Essential Conversations with Dr. Amy: Caring for the caregiving spouse

When we think of someone caring for an older adult, we may assume it is an adult child supporting an aging parent. However, a quarter of Canadians over the age of 65 are also caregivers themselves. And perhaps not surprisingly, a third of those are caregiving for a spouse or partner.

If you are an older adult caring for your spouse, you are likely all too familiar with some of the unique challenges that caregiving during your later years can bring. Unfortunately, the pandemic has exacerbated many of these challenges. As a recent CTV news article brought to light, we have focused on the needs of older adults as receivers of care during the pandemic, but have not talked much about the needs of older adults who are caregivers themselves.

Taking on all the care yourself

I have often noted that spouses, more than adult children, may be more reluctant to seek help with caregiving tasks. I have heard both husbands and wives express the sentiment that they should be able to provide all the care their spouse needs without assistance. They believe it is their duty as a "good" spouse. This is quite a big expectation and may not be realistic!

Instead, I suggest that if you are caregiving for a spouse—or any loved one—a more appropriate role may be to ensure your loved one gets the best care possible; that they are safe, feel secure, and have opportunities to enjoy life. The goal is excellent care and excellent quality of life, not that you as the spouse is the only provider of all of that. And in actuality, despite the desire to be the sole caregiver for a spouse, many people rely heavily on other family members and professional caregivers to assist with caregiving tasks.

Challenges during COVID-19

During COVID, getting help from other family members and professional caregivers has gotten more complicated for many people. With stay-at-home and lockdown orders in place in some parts of Canada, many older couples have been quite isolated and without family or professional support readily available. Notably, a recent StatCan report stated, "Not only are seniors more at risk of severe illness, they are also more affected by isolation measures."

The challenges that have arisen in the last year, and the "pause" on our typical way of living, have afforded us an opportunity to reconsider our lifestyles and whether there are changes we need to make to improve our quality of life. The pandemic has highlighted areas of vulnerability for many of us. As difficult as this is, it is also a wake-up call to explore options to remedy those vulnerabilities.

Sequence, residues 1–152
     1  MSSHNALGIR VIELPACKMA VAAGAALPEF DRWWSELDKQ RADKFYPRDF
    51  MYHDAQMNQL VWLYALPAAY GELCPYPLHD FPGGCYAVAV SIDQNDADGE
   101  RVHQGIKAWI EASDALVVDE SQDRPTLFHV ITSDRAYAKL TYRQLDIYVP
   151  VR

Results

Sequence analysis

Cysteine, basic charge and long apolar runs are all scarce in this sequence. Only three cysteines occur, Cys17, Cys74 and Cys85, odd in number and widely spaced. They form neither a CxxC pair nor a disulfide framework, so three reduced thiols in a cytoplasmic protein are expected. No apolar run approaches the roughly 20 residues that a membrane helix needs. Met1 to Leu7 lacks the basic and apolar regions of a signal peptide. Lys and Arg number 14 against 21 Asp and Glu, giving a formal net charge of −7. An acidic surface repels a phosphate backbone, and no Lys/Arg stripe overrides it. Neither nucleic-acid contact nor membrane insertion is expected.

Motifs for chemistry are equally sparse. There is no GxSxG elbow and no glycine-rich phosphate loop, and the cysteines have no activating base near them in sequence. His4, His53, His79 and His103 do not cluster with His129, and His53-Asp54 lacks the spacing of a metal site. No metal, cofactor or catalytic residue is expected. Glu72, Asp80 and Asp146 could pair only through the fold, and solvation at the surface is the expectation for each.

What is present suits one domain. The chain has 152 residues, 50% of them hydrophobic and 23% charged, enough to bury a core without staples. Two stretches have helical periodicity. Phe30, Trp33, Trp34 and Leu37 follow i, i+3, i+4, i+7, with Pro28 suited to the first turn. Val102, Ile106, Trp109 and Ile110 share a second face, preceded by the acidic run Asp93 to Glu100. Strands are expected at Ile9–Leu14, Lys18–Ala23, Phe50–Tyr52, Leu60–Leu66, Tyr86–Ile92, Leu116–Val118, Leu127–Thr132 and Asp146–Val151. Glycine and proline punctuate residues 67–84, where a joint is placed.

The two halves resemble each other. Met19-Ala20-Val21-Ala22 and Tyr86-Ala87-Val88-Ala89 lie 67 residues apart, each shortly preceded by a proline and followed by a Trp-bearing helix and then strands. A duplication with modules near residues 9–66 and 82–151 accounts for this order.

Re-thinking your support options

For older couples and their family members, this may mean re-thinking how to ensure consistent care and socialization in the future, considering the needs of both people in the couple; the one needing care and the one providing the care. Both deserve to have the best quality of life possible in their later years.

Perhaps this is the time to explore options, such as retirement living. For many older adults, this is the option that provides a sense of safety, support, and opportunities for easy socialization. No matter where one lived during the pandemic, it was challenging; however, in retirement homes, residents knew there was always someone near by if they needed assistance, and safe touchpoints for socialization and engagement were still available. Imagine the peace of mind for a caregiving spouse, and their entire family, to know that help is readily available if there ever were a problem.

Social stumbling blocks for caregiving spouses

Spousal caregivers often find socialization challenging. If your loved one isn’t very mobile or has care needs that require regular help and monitoring, you may find it’s not easy to go out or host/spend time with friends. Retirement living can be a welcome solution to the isolation that may accompany providing support to a spouse, as there are safe opportunities to socialize right at the residence, as well as staff who can take care of your spouse’s needs so you can take a break when you need one.

In addition to the many heartaches, there are many gifts to this difficult year that we’ve all experienced. One of them may be finding the right living situation for you and your spouse so that you both get to have the best quality of life possible at this stage of your life together.